A method of designing improved monolithic planar arrays of superconducting tunnel junctions (STJs) for use as photodetectors has been conceived. These arrays would be suitable for detecting images at low light levels. They are for operation in the individual-photon- counting regime; they are used not only to detect the arrival of individual photons but also to measure the individual photon energies. As such, the STJ arrays would be compact sensors that would perform the functions now performed by bulkier equipment in the form of photomultipliers and spectrometers. Eventually, it should be possible to use STJ arrays for such demanding applications as simultaneous imaging and spectroscopy of faint astronomical objects.

Figure 1. A Typical STJ Photodetector contains a tunnel junction between an intermediate- and a low-energy-gap superconductor. The electrical connections to the device are made via the base and top leads, which are made of a higher-energy-gap superconductor.

Usually, an STJ photodetector contains three superconductors with different superconducting energy gaps. Photons in the energy range of interest are absorbed in the superconductor with the intermediate energy gap; this superconductor and the one with the lowest energy gap are separated by a layer of electrical insulation thin enough that photo-excited quasi-particles can tunnel (in the quantum-mechanical sense) through it. Together, the intermediate- and lowest-energy-gap superconductors and the insulating layer between them constitute the detector junction. The superconductor with the highest energy gap is used for wiring to the other two superconductors. In a typical previously developed STJ array, separate electrical connections are made to each photodetector (see Figure 1).

Figure 2. Two Adjacent Pixels of an STJ photodetector array according to the present method could be fabricated in either of two basic alternative configurations. In both configurations, the structure would behave like a solid ground plane for incident radiation at frequencies from dc up through hundreds of gigahertz, yet would present all (in the second configuration) or nearly all (in the first configuration)of its area for absorption of photons in the energy range of interest.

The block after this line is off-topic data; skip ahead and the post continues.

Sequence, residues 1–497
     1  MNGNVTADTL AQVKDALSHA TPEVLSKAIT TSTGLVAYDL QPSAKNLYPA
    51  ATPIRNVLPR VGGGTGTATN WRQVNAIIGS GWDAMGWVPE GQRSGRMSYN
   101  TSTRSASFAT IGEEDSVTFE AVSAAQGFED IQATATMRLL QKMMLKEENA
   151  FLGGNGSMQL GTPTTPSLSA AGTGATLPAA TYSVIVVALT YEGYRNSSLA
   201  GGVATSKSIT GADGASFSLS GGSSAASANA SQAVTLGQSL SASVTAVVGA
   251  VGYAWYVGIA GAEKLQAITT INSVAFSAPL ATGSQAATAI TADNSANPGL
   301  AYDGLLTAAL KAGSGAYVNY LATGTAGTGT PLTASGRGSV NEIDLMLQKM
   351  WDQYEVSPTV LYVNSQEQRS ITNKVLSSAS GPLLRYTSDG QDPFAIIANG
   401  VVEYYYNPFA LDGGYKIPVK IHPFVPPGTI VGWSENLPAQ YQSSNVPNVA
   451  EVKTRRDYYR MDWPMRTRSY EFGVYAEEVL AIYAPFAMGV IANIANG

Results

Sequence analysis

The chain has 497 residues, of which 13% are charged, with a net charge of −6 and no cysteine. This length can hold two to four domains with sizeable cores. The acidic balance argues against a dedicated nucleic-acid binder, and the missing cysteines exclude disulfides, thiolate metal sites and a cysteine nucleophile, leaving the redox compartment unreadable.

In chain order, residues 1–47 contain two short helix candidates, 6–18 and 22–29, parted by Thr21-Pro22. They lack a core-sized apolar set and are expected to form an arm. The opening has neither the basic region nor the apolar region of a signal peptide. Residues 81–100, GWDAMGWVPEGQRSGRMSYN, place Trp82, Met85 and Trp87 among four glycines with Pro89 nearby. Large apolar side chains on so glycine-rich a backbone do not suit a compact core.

Even an abbreviated explanation of the present method and the ways in which it differs from older STJ-array-design methods would greatly exceed the scope of this article because it would unavoidably include complex and interdependent details of the physics and the fabrication of STJ devices in general. For the purpose of this article, it must suffice to summarize the major distinguishing features:

  • In the previously developed STJ photodetector arrays, pixels are separated by small gaps, through which photons can pass undetected. These gaps can amount to significant fractions of total detector areas; in other words, overall quantum efficiencies are lower than they would be if full detector areas were utilized. In STJ arrays according to the present method (see Figure 2), the gaps between pixels would be either negligibly small or entirely absent; in other words, full detector areas would be utilized, thereby maximizing quantum efficiencies.
  • In a typical previously developed STJ array of m rows and n columns, the number of electrical contacts necessary for individual biasing and readout of all pixels is 2mn because two contacts are needed for each pixel. In an STJ according to the present method, the number of contacts needed would be mn + 1 (slightly more than half the number previously needed) because the photon-absorbing (intermediate-energy-gap) superconductors of all the pixels would be electrically tied together by the largest-energy-gap superconductor.
  • Even though the full detector area would be utilized in the present method, the pixels would be electrically isolated from each other with respect to diffusion of photo-excited quasi-particles between superconductors, so that cross-talk among pixels would be suppressed.
  • Unlike at least one prior method, the present method does not call for small superconducting bridges among neighboring pixels. This is an advantage in that such bridges could, potentially, constitute undesired superconductive magnetic-flux-trapping loops.

This work was done by Michael Burns of Caltech for NASA’s Jet Propulsion Laboratory. For further information, access the Technical Support Package (TSP) free on-line at www.nasatech.com/tsp under the Electronic Components and Systems category. NPO-20768


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This article first appeared in the April, 2002 issue of NASA Tech Briefs Magazine.

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